Exclusive: Sir Cliff Richard says 'if heads roll at the BBC it will be deserved' after he wins privacy case

Sir Cliff Richard has told ITV News if heads were to roll at the BBC "it would be deserved" after the 77-year-old singer won his privacy case against the corporation.

Speaking to Julie Etchingham almost four years after the BBC broadcast helicopter images of his home being searched by police, Sir Cliff said: "They [senior managers] have to carry the can. I don't know how they are going to do it, but they'll have to. If heads roll then maybe it's because it was deserved...It's too big a decision to be made badly. It was nonsense."

  • Sir Cliff says if heads were to roll at the BBC it would be deserved

Today Sir Cliff was awarded more than £200,000 in damages at the High Court. He had taken legal action against BBC bosses over broadcasts of a South Yorkshire Police raid on his home in Sunningdale, Berkshire, in August 2014, following a child sex assault allegation.

During the hearing Sir Cliff told the judge that coverage, which involved the use of a helicopter, was a "very serious invasion" of his privacy.

The BBC disputed his claims and senior editors said the coverage was accurate and in good faith.

  • Sir Cliff remembers the search of his home by police

Describing the moment he saw police officers searching his home on television while in Portugal as "horrifying", Sir Cliff said he would have "rather been burgled".

"I found myself looking at and I'm thinking 'oh my God'," he said.

"This is unbelievable. I couldn't look at it again in court, when they played it in court I had to stay away from it...I'd rather have been burgled, to be honest with you."

Sir Cliff also revealed he could no longer live at the address following the raid, instead choosing to sell the property at a "loss".

The Congratulations singer said as news of the story spread around the world, he was in "shock" and worried about how the situation could be resolved.

"In seconds that story about me went all over Europe: Holland, Norway, Sweden, Denmark, Belgium, Germany, Finland, Spain, Portugal. All through south-east Asia, Australia, New Zealand," he said.

"It's hard to explain how that feels to me because I have spent so long trying to do things right, to be an ambassador for Britain and I feel I have been an ambassador and I will always be. But it was such a shock to me to think how can I undo this? It seems an impossible thing to undo."

Media outside the Charters Estate in Sunningdale, Berkshire, where police searched Sir Cliff Richard's apartment Credit: PA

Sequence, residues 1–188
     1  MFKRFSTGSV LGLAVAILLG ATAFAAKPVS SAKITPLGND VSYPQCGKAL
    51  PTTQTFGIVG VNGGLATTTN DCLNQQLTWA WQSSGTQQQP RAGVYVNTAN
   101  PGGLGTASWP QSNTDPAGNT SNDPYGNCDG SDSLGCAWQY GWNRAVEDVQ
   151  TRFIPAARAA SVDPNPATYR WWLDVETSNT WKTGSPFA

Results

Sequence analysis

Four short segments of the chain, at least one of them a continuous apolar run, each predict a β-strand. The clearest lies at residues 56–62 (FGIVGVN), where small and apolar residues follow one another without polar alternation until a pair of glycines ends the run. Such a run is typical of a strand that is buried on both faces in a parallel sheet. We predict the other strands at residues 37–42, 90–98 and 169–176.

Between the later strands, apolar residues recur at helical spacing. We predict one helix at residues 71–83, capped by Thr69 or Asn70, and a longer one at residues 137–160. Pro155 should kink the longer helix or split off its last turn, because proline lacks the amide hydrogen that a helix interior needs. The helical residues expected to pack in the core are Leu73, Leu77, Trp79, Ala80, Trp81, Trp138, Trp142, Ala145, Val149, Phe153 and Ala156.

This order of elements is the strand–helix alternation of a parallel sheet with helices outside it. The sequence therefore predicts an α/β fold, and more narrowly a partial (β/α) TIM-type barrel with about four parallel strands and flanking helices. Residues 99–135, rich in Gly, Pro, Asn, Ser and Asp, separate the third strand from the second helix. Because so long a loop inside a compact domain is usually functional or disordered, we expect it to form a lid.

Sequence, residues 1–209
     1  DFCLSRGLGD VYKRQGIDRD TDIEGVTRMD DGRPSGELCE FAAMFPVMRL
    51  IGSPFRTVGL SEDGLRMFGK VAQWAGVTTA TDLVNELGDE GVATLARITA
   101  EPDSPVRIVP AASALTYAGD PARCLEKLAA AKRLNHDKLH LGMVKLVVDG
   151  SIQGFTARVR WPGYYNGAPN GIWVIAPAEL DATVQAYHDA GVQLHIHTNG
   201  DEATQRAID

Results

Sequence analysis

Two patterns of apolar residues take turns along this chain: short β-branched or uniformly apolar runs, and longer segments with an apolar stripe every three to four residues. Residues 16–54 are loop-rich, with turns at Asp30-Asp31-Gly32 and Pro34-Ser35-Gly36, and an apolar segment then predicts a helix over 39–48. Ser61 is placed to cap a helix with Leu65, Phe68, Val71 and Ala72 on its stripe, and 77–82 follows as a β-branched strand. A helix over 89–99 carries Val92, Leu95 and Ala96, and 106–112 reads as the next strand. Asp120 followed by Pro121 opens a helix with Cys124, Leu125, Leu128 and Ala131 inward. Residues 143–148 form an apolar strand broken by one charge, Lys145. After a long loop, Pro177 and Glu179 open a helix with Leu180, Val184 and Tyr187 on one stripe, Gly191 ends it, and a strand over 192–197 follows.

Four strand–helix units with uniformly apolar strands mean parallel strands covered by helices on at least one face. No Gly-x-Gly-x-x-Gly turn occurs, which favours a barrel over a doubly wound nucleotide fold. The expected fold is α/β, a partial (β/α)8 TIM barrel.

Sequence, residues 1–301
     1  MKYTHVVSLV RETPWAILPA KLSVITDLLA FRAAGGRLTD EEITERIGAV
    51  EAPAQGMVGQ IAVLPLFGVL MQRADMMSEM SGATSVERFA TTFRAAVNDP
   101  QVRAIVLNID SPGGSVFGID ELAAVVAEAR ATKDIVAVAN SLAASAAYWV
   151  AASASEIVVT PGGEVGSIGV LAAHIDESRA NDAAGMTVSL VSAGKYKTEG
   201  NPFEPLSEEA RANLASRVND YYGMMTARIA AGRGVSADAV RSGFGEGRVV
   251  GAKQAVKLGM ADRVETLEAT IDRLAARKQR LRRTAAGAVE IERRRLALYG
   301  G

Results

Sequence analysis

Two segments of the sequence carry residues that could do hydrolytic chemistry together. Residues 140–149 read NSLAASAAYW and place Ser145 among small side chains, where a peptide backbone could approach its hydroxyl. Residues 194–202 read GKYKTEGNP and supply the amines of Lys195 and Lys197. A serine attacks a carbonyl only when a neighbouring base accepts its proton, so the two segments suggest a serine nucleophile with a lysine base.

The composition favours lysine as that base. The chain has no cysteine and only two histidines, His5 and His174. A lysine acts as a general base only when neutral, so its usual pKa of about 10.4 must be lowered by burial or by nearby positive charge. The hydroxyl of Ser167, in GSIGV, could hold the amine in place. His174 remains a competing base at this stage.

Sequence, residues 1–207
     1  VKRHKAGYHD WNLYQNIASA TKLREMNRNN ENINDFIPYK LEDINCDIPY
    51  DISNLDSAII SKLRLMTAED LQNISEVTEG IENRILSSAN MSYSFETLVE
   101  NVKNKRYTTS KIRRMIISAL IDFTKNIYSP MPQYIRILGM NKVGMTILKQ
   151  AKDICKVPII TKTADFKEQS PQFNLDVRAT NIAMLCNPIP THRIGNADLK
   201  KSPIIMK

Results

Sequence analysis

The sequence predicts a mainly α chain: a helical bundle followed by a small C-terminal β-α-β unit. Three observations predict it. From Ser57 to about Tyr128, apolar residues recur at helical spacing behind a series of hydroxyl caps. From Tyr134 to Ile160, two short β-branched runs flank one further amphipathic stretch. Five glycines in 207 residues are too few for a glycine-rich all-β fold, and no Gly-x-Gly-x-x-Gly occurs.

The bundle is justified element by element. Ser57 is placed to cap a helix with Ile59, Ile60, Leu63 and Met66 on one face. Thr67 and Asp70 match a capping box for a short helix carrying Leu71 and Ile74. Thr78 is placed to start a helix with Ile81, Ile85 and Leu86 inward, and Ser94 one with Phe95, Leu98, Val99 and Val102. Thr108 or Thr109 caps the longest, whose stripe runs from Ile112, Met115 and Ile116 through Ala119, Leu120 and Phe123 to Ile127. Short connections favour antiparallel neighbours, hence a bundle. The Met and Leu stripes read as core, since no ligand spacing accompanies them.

• Sir Cliff on the worst moment following the allegations

Speaking about the "deepest, darkest moment" of the case, Sir Cliff recounts the moment he collapsed on his kitchen floor.

  • Sir Cliff Richard on press freedom

Asked whether Wednesday's judgement could curtail press freedom, Sir Cliff said: "I want a correction made to what happened to me and it was made, nobody said anything about freedom of speech but I will fight to the death against the abuse of the freedom of speech, what the BBC did was an abuse because it seems to ignore anything that was ever stated - Magna Carta, Leveson, the police and they took it upon themselves to be judge, jury and executioner."

He added: "Freedom without responsibility is anarchy. To me this was an anarchic thing to do."

  • Sir Cliff calls for anonymity of individuals before charge

He went on to call for individuals to have the right to anonymity unless charged.

"It's a rule that is already there, it should become a law though...Except in exceptional cases people should not be named until/unless they are charged."

Asked about cases where naming an individual has prompted further victims to come forward, he added: "They will have the opportunity once you are charged. Once you're charged your name will be public and then any victims can come forward."

The singer told ITV News he had spent £4 million in legal fees and described it as "the greatest bit of charity work I'm going to do." Adding, he was fighting for the innocent men in the street who couldn't afford to do the same.

He added: "I quoted in my evidence a judge - Blackstone - from way back and he said he'd rather ten guilty people escape then one innocent person suffer. And I'm thinking, that's like what I've been through. I'm one innocent person but I'm not one, there's an army of us out there that have had to go through things like this."

Sir Cliff Richard speaking to the media after winning his privacy case Credit: PA
  • Sir Cliff on the impact of the case has had on him

Referring to the past three years as "turmoil" he said the allegations made against him had had a significant impact on him and his behaviour.

He said: "I'm sure i'll recover [from this]. There are aspects in my life that I recognise now. For instance, at Wimbledon there's a tunnel between Centre Court and Court One, I used to use it regularly to see the matches I was interested in on Court One. And it went right past the ball boys' dressing room. I won't go there now.

"I won't go anywhere near children...even when I'm having photographs taken, I try not to make contact. It has taken something away from me."

  • Sir Cliff looks towards the future

"I'll be reflecting for the rest of my life on what took place here, today, and over the last four years. It's never going to be an easy thing to forget...When I close my eyes, i'll hope i'll sleep...What I'm going to do tonight is something rather nice, I'm taking a bereaved friend for dinner and that's nice for me. It surpasses everything else," He said.